So you want to show a movie on campus?
Public viewing of movies is strictly regulated by the Motion Picture Association of America. DVDs and video tapes may not be used as an event or entertainment unless the public performance rights (copyright) have been purchased or secured. DVDs and video tapes that people purchase or rent are intended for home viewing use only. These movies are permitted to be viewed within the confines of a student's room to a private audience. However, no public announcement or advertising may occur as it turns the private audience into a public one (even if the viewing still occurs in a private residence room) thus making the movie subject to public performance guidelines.
With the exception of a faculty member showing a film to an officially registered class at the University (see face-to-face exemption below), all other public showings on campus are prohibited unless a public performance right is secured. This is true regardless of the number of people who attend and/or whether or not admission is free. These guidelines apply, but are not limited to, class rooms (while not in use for officially registered classes); lecture halls; residence hall lounges; cafeterias; library screening rooms; and/or meeting rooms in the MCC, CETES, and Shepler.
Purchasing public viewing rights does not depend on variables such as audience size or charging of admission. Regardless if it is 3 people versus 300 people, size is not considered in determining if public viewing rights need to be purchased. (Size may, however, influence the amount of the public performance fee). Likewise you still have to purchase the copyrights even if you are offering the movie/film to the audience for free. Because we are a non-profit educational institution we do qualify for the face-to-face teaching exemptions. However, that does not mean that because we are a non-profit educational institution that all films/movies shown at Cameron University are exempt. Only those with an instructor present with students enrolled in his/her class qualify for the face-to-face exemption. This principle holds true no matter how much educational or intellectual value is contained in the film.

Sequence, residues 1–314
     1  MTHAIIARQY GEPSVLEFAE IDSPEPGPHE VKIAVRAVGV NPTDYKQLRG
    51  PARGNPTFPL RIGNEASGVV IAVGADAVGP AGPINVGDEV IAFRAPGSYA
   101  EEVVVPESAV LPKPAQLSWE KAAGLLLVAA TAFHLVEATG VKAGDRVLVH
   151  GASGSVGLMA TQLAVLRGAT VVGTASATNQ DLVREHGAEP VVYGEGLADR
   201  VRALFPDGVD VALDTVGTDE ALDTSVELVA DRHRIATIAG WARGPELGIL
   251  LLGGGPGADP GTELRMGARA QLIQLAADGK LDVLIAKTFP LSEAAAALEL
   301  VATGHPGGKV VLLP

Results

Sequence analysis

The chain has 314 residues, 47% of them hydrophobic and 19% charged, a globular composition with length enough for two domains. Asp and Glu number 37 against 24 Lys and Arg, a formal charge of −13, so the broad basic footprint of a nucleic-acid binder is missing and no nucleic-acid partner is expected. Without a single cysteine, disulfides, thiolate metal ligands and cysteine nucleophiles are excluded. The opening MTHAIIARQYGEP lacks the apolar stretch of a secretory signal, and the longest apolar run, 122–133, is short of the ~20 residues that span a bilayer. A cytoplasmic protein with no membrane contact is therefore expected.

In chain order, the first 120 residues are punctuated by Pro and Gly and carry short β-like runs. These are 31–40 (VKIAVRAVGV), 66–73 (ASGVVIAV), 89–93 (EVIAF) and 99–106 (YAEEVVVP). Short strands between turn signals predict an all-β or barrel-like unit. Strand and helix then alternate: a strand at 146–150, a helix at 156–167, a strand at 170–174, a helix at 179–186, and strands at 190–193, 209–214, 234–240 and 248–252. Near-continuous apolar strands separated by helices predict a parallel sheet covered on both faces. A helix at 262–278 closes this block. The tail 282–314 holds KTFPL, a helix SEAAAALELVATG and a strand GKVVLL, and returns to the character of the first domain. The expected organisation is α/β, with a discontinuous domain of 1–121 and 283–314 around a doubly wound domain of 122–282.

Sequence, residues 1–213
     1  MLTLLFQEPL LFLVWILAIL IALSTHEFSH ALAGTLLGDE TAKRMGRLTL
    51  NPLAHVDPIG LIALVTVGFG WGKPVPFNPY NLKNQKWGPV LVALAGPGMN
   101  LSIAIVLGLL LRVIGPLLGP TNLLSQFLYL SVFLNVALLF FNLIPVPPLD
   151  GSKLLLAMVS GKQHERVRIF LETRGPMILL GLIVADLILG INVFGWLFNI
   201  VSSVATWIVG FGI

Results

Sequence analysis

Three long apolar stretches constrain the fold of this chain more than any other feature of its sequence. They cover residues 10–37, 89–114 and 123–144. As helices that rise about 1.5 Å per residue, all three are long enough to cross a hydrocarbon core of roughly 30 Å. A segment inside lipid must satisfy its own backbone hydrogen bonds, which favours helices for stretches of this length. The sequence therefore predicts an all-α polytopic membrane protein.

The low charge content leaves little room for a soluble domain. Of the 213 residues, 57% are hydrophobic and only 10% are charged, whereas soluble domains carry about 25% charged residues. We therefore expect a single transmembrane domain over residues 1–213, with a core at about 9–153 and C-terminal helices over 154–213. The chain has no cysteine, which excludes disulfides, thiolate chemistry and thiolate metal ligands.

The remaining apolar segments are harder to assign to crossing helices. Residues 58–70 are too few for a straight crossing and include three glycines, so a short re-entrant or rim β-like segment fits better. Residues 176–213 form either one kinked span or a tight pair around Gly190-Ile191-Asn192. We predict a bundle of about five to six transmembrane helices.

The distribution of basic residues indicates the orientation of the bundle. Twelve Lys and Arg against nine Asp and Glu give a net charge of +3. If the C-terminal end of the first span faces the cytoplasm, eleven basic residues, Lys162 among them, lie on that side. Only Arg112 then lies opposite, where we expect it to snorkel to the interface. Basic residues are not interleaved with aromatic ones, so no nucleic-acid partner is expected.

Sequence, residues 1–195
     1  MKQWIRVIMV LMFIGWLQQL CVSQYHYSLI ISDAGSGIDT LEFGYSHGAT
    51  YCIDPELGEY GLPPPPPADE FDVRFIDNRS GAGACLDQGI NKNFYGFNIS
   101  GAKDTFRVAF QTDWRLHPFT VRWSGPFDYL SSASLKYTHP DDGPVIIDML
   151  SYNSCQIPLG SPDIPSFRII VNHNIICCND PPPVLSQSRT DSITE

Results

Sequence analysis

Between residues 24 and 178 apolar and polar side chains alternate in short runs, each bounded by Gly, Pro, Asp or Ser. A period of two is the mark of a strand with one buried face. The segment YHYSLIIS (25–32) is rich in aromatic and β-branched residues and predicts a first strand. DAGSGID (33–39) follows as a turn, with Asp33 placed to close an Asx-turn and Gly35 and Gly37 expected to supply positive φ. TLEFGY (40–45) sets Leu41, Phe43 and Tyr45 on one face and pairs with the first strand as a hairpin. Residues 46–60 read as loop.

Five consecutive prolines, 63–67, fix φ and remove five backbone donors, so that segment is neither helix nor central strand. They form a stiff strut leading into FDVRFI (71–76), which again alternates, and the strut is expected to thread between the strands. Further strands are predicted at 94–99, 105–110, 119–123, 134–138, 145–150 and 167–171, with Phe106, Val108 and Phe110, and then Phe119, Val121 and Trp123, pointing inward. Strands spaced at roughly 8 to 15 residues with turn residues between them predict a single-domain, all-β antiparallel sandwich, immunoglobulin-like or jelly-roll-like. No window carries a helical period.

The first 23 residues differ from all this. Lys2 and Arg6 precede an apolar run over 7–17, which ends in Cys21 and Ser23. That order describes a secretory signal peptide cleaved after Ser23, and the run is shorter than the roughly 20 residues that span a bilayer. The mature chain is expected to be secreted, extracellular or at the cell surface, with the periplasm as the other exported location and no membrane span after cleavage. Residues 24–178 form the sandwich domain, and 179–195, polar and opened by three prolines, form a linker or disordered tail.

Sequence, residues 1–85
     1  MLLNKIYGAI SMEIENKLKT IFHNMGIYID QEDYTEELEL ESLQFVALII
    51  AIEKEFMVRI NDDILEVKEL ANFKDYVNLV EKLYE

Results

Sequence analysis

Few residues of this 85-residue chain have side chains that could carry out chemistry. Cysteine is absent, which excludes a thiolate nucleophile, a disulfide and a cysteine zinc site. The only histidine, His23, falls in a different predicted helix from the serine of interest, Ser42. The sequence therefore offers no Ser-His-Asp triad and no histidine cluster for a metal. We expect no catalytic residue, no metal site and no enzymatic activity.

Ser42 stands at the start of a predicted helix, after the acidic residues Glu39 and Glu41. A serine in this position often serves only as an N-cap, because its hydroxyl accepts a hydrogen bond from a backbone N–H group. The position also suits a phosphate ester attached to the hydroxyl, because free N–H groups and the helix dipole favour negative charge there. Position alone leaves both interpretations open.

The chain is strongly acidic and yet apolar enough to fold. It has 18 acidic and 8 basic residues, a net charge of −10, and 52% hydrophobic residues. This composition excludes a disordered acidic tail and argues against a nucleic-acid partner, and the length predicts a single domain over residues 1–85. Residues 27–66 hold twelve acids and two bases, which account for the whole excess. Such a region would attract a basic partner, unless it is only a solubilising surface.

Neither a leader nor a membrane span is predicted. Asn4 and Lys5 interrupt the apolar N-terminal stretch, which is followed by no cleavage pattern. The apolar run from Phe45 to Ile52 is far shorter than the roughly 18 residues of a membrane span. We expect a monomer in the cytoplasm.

Therefore anytime a group shows a movie in any context, the group must purchase the public viewing rights (copyright) for that particular showing. Copyright purchase for film currently runs between $300-$1,000 per showing for popular titles from major movie distributors. Independent films could cost less but must be negotiated with the holder of the copyright for those particular films.
Motion Picture Licensing Corporation
Swank Motion Pictures, Inc.
The Federal Copyright Act (Title 17 of the U.S. Code) governs how copyrighted materials, such as movies, may be used. Neither the rental nor the purchase of a copy of a copyrighted work carries with it the right to publicly exhibit the work. No additional license is required to privately view a movie or other copyrighted work with a few friends and family or in certain narrowly defined face-to-face teaching activities.
However, bars, restaurants, private clubs, prisons, lodges, factories, summer camps, public libraries, daycare facilities, parks and recreation departments, churches and non-classroom use at schools and universities are all examples of situations where a public performance license must be obtained. This legal requirement applies regardless of whether an admission fee is charged, whether the institution or organization is commercial or non-profit, or whether a federal or state agency is involved.